For example, when I was sitting in the reception room of the European Southern Observatory’s offices in Antofagasta, waiting to board the bus to Mount Paranal, I saw a spectacular photograph of the Sombrero Galaxy, so called because the dark dust lanes that circle the luminous core look like the rim of a Mexican hat. While that photograph had been taken by a modern telescope, the Sombrero had also been studied in the early 1900s by astronomer Vesto Melvin Slipher, whose seminal work informed the subsequent studies of receding galaxies by Edwin Hubble, all of which led to our understanding that the universe is expanding, and that it began in a big bang.
Thus, I was able to use some of the narrative elements from my travel—in this case a chance observation of a framed photograph—to transition to a long paragraph of exposition, moving from the Sombrero to Vesto Slipher’s initial discovery of receding galaxies, and onwards to the discovery of the cosmic microwave background (CMB, the universe’s first light) and dark energy (the mysterious energy of spacetime that is causing the expansion of our universe to accelerate):
[Some background: The reader has already read about Hubble’s discovery of an expanding universe, and Vesto Slipher’s work preceding Hubble’s. The passage below sets up the transition to another section: the discovery of the CMB.]
The next morning, I left my hotel and walked across the railway line that connects Antofagasta to Bolivia, the tracks rising from sea level to an altitude of some 15,000 feet. On the other side of the tracks was ESO’s Antofagasta office, where I waited for a bus to Paranal. The visitors’ room was adorned with pictures of galaxies and nebulae taken by the various ESO telescopes in Chile. The most striking of these was the Sombrero galaxy, the galaxy Vesto Slipher had studied in 1914 and found to be moving away from us at a speed of 1,100 kilometers per second. Slipher, who used a 24-inch refractor for his observations, could hardly have imagined the clarity of this image. The core of the Sombrero bulged with old, red stars. Its halo looked bluish, with faint blobs that weren’t individual stars but globular clusters of a million stars each. A dark dust lane circled the core, sharply silhouetted against the luminous heart of the galaxy and looking like the rim of a Mexican hat.
It was Slipher’s observation of the Sombrero and other galaxies that laid the foundation for Edwin Hubble’s discovery of an expanding universe. This extraordinary finding in turn led to the theory of the big bang. The theory accounted for the expansion, but it also suggested that as the universe ages, gravity should eventually gain the upper hand and cause the rate of expansion to diminish. But in less than a century after Hubble’s work, huge telescopes around the world, including ones in Chile, brought about another upheaval in our understanding of the universe. In 1998, cosmologists announced that the expansion of the universe, rather than slowing down, is speeding up. Nothing in our theories comes close to explaining what might be responsible. The likeliest explanation is that the fabric of space has an inherent energy — called dark energy — that is creating a repulsive force strong enough to counter gravity.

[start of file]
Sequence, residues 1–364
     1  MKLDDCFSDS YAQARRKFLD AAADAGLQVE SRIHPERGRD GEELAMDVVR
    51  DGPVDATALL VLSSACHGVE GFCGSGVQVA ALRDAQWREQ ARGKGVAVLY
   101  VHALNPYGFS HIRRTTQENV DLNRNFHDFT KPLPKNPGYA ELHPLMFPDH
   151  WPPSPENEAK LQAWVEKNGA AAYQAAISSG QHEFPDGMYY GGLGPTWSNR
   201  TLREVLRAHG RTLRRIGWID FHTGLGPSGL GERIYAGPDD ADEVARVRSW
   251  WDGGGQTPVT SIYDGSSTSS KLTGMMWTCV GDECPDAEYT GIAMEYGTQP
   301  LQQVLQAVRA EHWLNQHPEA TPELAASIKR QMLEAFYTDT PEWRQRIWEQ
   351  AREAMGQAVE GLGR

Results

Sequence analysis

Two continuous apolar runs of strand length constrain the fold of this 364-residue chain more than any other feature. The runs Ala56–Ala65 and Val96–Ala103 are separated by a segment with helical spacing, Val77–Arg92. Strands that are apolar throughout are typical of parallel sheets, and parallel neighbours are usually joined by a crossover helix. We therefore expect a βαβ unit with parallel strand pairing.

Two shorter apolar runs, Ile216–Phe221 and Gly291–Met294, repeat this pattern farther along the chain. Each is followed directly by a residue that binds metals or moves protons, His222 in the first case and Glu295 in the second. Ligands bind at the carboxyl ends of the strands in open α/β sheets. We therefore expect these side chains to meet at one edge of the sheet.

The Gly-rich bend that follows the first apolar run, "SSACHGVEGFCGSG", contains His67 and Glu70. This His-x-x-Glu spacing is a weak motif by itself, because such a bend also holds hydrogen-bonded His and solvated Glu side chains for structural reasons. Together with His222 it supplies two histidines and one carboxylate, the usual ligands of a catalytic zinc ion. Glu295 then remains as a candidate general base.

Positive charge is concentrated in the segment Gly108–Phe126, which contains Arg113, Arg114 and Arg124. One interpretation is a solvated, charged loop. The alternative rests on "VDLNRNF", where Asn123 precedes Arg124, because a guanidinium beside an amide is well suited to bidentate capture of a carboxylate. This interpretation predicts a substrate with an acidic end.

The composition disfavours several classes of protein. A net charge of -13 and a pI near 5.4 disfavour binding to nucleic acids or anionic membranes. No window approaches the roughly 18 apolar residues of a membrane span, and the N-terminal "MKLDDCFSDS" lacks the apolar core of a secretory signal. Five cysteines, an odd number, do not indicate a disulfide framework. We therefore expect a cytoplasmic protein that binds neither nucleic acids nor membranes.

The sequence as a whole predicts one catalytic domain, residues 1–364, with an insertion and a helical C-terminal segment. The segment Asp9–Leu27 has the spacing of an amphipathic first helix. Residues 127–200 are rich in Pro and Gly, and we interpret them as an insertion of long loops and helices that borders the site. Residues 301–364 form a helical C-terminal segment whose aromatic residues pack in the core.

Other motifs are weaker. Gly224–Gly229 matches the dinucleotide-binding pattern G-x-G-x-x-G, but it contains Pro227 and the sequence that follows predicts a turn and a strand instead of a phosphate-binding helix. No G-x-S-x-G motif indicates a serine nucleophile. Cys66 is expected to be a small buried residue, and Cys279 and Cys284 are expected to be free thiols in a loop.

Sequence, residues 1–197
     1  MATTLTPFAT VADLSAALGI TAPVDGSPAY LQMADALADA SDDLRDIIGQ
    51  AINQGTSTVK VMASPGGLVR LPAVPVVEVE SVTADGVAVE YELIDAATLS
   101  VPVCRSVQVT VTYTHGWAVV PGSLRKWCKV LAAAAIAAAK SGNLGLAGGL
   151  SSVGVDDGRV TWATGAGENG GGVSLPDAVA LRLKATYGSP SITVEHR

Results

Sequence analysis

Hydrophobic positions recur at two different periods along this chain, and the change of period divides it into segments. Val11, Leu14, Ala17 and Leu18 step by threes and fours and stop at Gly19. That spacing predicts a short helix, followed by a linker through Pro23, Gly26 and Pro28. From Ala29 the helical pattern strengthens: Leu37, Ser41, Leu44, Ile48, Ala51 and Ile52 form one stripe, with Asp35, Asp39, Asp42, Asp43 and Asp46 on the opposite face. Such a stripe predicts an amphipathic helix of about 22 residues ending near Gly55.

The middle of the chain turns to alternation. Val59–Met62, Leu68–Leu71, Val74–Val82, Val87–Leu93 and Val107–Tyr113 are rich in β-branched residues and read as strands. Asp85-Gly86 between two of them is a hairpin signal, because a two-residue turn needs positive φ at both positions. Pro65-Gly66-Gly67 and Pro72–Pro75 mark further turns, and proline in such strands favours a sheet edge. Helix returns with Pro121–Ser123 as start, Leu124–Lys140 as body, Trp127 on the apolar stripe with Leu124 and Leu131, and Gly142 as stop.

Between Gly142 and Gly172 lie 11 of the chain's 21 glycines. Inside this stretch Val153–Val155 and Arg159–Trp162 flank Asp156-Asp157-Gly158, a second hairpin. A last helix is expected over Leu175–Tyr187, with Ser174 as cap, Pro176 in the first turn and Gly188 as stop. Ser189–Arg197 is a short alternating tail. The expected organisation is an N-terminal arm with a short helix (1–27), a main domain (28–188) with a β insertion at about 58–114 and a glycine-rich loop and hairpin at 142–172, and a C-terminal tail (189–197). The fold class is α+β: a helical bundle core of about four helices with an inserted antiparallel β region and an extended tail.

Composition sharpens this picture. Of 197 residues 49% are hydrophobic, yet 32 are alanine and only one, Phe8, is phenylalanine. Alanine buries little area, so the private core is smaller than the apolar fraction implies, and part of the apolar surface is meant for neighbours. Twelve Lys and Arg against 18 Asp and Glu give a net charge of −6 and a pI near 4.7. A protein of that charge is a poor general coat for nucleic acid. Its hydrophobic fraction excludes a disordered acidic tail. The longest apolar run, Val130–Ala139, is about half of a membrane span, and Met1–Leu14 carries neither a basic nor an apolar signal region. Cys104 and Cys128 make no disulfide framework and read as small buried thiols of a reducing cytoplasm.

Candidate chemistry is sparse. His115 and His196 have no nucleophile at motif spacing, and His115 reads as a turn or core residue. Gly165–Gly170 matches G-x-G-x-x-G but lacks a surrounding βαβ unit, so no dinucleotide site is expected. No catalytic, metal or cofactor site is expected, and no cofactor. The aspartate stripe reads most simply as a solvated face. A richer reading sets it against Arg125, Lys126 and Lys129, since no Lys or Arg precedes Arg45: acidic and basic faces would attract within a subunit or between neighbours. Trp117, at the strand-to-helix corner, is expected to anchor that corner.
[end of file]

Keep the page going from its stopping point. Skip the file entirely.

However, the journey from an expanding universe to one filled with dark energy could not have happened without several key intervening discoveries. The first was the accidental sighting of the radiation left over from the early universe. Called the cosmic microwave background (CMB), it was stunning proof, finally, that the universe had begun in a fireball.
The key then is to be choosy about the facts that make up your narrative. They should both move the story along and give you ways of making effortless transitions to paragraphs of exposition.
And like the dinosaur’s middle, the story will begin to expand. In the case of chapter on Chile, it allowed me space to fill it with anecdotes, personal experiences, accounts of scientists, engineers, technicians and even gardeners at work, all with one clear aim: to tell the reader of this astonishing set of telescopes on Mount Paranal and how they were helping us decipher dark energy.